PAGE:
{ SC's July Calendar + Our Featured SC Event }

July 18  —  This year's July Calendar of SC Events is brought to you by Columbia's Palmetto Tasty Tomato Festival at City Roots Farm. Presented by Sustainable Midlands, the festival is a celebration of locally grown food – the people who grow it, the restaurants that place it on their menus, the markets that sell it, and the people who eat it. Continuing its traditions of old-time festival fun, Tasty Tomato's programming includes a free heirloom tomato tasting, live music on two stages, local food, a craft beer garden, tomato bobbing, and the highly anticipated Tasty Tomato Contest! Festival food will feature local restaurants serving local food with a tomato theme!

{ Murrells Inlet – A Great Catch for Fish and Fun }

Summer is officially upon us, and the sea – and seafood – are calling. If you're looking for a fun way to spend July Fourth, look no further than Murrells Inlet, an historic fishing village located just south of Myrtle Beach. Murrells Inlet has long enjoyed a reputation for excellent dining, and in fact this small Grand Strand haunt has positioned itself, quite rightly, as the "Seafood Capital of South Carolina."

( Matt Trudeau of Murrells Inlet © Do Not Use Without Written Consent )

Uniquely situated for such an honor, Murrells Inlet lies between the Waccamaw River and the Atlantic Ocean; it is further divided by its namesake creek, which gives fisherman three separate sources to pull from – black water, creek water, and deep water. Originally home to the Waccamaw Indians, Captain John Murrell (sometimes spelled Morrall) settled here in 1731. He was soon followed by many of the area's most well-known families, including the Flaggs and Allstons, who established prolific indigo and rice plantations during the eighteenth and nineteenth centuries. Many of these planters kept slaves called "creek boys" who collected bounties such as shrimp, oysters, clams, crabs, and fish.

( Matt Trudeau of Murrells Inlet © Do Not Use Without Written Consent )

This epicurean appreciation soon gave rise to a fraternity called the Hot and Hot Club. During the first half of the 1800s, wealthy white males (including future South Carolina governor Robert Francis Withers Allston) would gather with their black boat hands each Friday, June through October, to fish and dine. Elaborate rules dictated which members were responsible for which dishes (and drinks!), and all contributed their day's catch to the meal, which could stretch long into the night.

( Matt Trudeau of Murrells Inlet © Do Not Use Without Written Consent )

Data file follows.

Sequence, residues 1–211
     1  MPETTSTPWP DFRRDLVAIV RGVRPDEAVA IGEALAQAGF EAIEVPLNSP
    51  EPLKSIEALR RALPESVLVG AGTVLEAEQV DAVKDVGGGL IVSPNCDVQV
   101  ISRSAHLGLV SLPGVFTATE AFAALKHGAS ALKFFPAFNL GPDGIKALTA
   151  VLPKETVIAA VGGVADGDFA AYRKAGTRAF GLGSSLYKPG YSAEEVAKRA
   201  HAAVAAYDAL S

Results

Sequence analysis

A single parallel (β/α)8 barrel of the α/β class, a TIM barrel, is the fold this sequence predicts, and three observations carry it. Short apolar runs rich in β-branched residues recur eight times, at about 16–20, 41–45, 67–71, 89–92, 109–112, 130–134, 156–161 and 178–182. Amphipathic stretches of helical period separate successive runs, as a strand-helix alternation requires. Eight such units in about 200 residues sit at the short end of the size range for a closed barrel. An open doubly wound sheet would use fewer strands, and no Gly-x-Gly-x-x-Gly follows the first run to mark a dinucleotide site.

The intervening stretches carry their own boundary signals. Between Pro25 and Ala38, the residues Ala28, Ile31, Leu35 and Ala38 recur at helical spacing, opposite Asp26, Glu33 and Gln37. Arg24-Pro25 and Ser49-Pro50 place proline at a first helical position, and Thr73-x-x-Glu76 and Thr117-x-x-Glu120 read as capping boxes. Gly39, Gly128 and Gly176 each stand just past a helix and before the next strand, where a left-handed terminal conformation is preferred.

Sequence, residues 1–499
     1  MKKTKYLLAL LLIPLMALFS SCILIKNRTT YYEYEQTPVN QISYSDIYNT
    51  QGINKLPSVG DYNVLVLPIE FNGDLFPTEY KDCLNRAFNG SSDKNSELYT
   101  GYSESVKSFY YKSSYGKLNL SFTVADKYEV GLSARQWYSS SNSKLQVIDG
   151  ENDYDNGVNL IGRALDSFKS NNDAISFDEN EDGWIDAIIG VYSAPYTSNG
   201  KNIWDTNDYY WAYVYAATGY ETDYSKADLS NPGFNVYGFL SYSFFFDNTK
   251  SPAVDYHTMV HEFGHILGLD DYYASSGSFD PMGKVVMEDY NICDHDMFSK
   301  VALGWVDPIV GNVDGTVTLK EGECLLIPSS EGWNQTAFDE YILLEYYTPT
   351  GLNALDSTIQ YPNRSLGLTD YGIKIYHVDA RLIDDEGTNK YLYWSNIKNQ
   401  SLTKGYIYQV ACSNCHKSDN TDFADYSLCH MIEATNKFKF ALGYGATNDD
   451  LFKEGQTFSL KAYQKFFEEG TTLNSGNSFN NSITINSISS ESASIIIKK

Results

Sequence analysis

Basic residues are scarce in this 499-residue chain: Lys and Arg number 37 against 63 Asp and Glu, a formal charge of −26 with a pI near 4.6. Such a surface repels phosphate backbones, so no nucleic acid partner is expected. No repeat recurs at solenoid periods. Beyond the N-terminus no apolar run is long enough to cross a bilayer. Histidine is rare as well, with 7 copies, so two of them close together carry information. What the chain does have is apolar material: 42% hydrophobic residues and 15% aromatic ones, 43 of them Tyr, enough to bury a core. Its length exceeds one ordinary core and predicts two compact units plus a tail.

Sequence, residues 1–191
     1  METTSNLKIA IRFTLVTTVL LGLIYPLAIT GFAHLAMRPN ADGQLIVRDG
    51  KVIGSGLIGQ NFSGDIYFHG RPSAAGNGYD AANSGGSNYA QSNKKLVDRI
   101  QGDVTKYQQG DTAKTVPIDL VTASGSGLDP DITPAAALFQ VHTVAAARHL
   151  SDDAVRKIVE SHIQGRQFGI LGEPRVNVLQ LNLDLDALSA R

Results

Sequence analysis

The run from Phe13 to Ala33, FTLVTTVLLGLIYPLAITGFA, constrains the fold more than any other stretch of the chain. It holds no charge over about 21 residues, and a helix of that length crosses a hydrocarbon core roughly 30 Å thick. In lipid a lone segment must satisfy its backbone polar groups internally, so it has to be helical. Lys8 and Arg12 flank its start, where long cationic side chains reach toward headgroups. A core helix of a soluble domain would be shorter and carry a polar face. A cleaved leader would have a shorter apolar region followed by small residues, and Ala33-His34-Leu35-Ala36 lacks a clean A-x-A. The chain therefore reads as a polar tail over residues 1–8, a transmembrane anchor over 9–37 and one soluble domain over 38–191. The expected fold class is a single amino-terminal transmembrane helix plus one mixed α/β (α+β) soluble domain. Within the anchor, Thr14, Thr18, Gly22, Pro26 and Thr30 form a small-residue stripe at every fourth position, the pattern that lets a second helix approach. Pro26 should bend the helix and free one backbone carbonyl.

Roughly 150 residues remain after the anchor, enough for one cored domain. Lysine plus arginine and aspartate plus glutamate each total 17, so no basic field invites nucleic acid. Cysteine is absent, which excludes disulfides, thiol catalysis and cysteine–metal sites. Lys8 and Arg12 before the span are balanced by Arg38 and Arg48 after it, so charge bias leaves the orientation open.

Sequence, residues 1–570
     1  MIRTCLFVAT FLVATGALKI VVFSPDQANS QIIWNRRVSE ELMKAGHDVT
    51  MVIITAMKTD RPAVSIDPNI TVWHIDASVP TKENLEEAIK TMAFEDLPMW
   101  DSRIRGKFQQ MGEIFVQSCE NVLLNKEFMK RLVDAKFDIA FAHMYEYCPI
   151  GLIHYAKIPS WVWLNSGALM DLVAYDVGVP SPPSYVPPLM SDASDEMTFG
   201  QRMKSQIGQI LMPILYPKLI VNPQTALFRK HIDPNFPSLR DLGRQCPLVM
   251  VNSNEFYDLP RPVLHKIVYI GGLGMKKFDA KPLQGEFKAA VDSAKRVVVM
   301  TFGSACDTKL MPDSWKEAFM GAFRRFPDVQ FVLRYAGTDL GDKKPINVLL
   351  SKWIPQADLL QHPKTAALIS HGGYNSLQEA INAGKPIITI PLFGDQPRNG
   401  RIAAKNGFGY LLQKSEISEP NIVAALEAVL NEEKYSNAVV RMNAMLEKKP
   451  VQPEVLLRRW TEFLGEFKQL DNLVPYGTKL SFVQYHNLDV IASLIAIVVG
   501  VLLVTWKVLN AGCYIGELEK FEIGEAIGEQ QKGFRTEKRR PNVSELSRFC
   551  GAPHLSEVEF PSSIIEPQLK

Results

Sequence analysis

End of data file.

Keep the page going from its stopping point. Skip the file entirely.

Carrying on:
Following the Civil War and the demise of rice culture, Murrells Inlet's economy evolved to rely on its estuarine environment. During a time when local seafood could not be safely shipped, people traveled to Murrells Inlet for rustic oyster roasts and fish fries, often hosted by the families of former planters. Over time the community became renowned for its fresh fare, and demand has never waned. Today Murrells Inlet continues to draw fans to its famous row of restaurants, many of which have thrived for generations.

( Matt Trudeau of Murrells Inlet © Do Not Use Without Written Consent )

Murrells Inlet is more than just salt water and seafood, of course. Please visit our complete guide to Murrells Inlet to learn more about the community's legendary landmarks, including the Marsh Walk, Goat Island, Crazy Sister Marina, Belin United Methodist Church, Brookgreen Gardens, Huntington Beach State Park, Atalya Castle, and the Hermitage – home to the ghost of Alice Flagg. Also helpful is our guide to Murrells Inlet hotels, which will make planning your trip a (summer's) breeze.

( Matt Trudeau of Murrells Inlet © Do Not Use Without Written Consent )

{ Matt Trudeau: A True Friend to the SC Picture Project }

This month we are pleased to introduce Matt Trudeau, the artist behind each of the photos above.

The enduring popularity of the Waccamaw Neck and Grand Strand keeps us in search of great photos to go with the fascinating history of the area. Fortunately for us, Matt Trudeau of Murrells Inlet has been contributing his work to the South Carolina Picture Project for years. His spectacular images, taken from beloved sites such as Brookgreen Gardens and the Murrells Inlet Marsh Walk, give us a visual vacation to these timeless destinations.

Originally from the state of New York, Matt developed his talents as a photographer in the salt marshes of South Carolina. For those in search of a scenic escape to waters awash with plantation history, pirate lore, and pristine salt marsh vistas, visit Matt's photos within the South Carolina Picture Project.

( Matt Trudeau of Murrells Inlet © Do Not Use Without Written Consent )

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